In the preferred embodiment, this sample shape is addressed by producing “conical” plugs 75 (FIG. 11). The degree of “conicality” depends upon the ratio of tip diameter to gel thickness and the cutting force relative to the gel stiffness. The cutting force is a function of cutting perimeter, edge sharpness and gel properties. In practice, a conicality ratio of around 2:1 (max diameter to min diameter) is common.
As the picking cycle continues, the tip is purged at the waste collection trough 43, 85, with fluid cycled through it from the fluid reservoir 33 using the syringe pump 32 to ensure that the tip is clean and that the system is purged of air with a full complement of fluid. The robot then is commanded to the X-Y position on the gel and spaced off the gel by a small distance, such as 5 mm. Optionally, a small amount of fluid, such as 40 microliters, is dispensed from the picking tip onto the gel in a prewetting step so that the picking target is prewetted.
Air is then aspirated back into the tip to form an air lock volume, such as 100 ul. The picking tip is lowered onto the gel until the spring 60 supporting the picking tip compresses, defining the cutting force 64 and cutting through the gel to the hard gel support (FIG. 7). The cutting tool has a hollow cutting tip 65 of selected size and shape that is pressed down through the gel sheet until it meets the supporting sheet (FIG. 7). The tip may be spring-loaded to limit the insertion force and to accommodate inaccuracies in the vertical registration of the tool to the supporting sheet. A preferred spring force is approximately 3 newtons.
The syringe pump 32 is then operated in suction mode to withdraw a small volume of fluid, such as approximately 70 microliters, forming a partial vacuum that is applied through the feed line into the picking tip that has been sealed by insertion into the gel. The aspirated air acts like a spring to control the amount of vacuum applied to the plug. This aspirated airlock also acts to separate the contaminated zone in the coring tool, preventing gel particles or other contaminants from being taken up into the gripper or the feed tube. It is important that the airlock is not too large as this increases the ejection compliance that can hinder placement of the core in the well. A small compliance is, however, advantageous during core extraction as it helps maintain a partial vacuum (as the core is taken from the gel sheet) if there is a small leak around the core in the tip.
To remove the core, the tool is withdrawn, taking the gel plug with it. However, the softness and wet state of the sheet may cause problems. Firstly, as the tool presses in, the gel under the cutting edge distorts and tends to move outwards (away from the axis of the tool). A second problem also relates to removal; as the tool is pulled out, a vacuum develops under the tip. This is not relieved as the wetness of the sheet maintains a good seal and the result may be that the core is left in the sheet. The Invention addresses these issues by:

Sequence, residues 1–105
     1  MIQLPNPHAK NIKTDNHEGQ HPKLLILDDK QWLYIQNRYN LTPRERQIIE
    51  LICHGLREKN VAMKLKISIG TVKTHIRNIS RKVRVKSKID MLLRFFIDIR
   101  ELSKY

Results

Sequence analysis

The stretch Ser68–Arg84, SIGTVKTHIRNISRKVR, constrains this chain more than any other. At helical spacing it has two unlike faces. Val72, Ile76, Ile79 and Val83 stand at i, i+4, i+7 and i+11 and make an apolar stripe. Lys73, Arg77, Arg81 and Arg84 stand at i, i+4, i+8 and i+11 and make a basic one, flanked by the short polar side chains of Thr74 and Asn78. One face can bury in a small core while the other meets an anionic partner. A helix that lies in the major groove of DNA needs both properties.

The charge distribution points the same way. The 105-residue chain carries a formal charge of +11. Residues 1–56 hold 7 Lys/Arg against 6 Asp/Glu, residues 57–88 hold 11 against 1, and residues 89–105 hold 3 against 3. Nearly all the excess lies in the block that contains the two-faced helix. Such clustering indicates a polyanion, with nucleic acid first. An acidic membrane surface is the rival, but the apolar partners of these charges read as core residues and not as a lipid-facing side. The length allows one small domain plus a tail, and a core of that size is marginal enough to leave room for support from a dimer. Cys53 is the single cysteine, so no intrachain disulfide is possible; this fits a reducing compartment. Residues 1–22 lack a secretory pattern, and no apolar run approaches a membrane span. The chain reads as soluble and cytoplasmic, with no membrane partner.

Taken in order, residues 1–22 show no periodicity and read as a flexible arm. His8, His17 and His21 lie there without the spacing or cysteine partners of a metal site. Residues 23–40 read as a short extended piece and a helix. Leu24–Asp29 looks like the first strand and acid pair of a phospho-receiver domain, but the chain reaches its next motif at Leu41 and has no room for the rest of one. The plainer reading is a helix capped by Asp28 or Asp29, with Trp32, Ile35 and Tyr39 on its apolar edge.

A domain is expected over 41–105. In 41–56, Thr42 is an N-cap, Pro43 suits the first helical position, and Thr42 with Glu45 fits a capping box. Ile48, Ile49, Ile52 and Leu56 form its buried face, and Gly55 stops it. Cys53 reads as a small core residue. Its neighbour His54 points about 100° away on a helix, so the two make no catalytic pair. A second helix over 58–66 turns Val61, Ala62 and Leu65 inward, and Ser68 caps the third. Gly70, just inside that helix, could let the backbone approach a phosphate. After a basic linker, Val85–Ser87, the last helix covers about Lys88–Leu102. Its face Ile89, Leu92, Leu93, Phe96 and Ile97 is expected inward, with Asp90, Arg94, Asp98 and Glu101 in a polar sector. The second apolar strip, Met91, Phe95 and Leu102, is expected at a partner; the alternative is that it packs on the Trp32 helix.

- As discussed above, by applying vacuum to the top of the gel plug via the tool to hold the core in the tool
- Optionally, once the core has been cut, by moving the tool laterally for small distances (for example, ˝mm) before removing it from the sheet. This overcomes any gel adherence to the underlying carrier and breaks any vacuum that may exist between the plug and the gel itself by opening a small gap between the outside of the tool and the remainder of the sheet to allow air (or free fluid) under the edge of the tool.
The tip is then lifted out of the gel and transported with the cut plug to the collection tray 40, which is typically a ninety-six (96) well microtiter plate. Gel plugs are placed individually into small wells in the microtiter plates. The narrow portion of the picking tip is lowered partially into the well (FIG. 12). A small amount of fluid is dispensed via the syringe plug, ejecting the core sample. The fluid will include the air lock volume, plus the backoff volume, plus a small volume, such as a net 100 microliters, pushing the plug out of the cup in the end of the tip, capturing the plug in a droplet, and dropping the droplet off the tip into the well. Use of liquid in contrast to gas pressure to eject the plug reduces the ejection velocity, which can cause the ejected sample to bounce around within the collection vessel. Liquid ejection is a much slower, controlled process ensuring that the sample is deposited in the bottom of the well captured in fluid to keep it hydrated if the plate goes into storage. The plates may then be covered manually or automatically, with adhesive plates or otherwise fixed coverings (for example plastic sheet heat-sealed to the open tops.)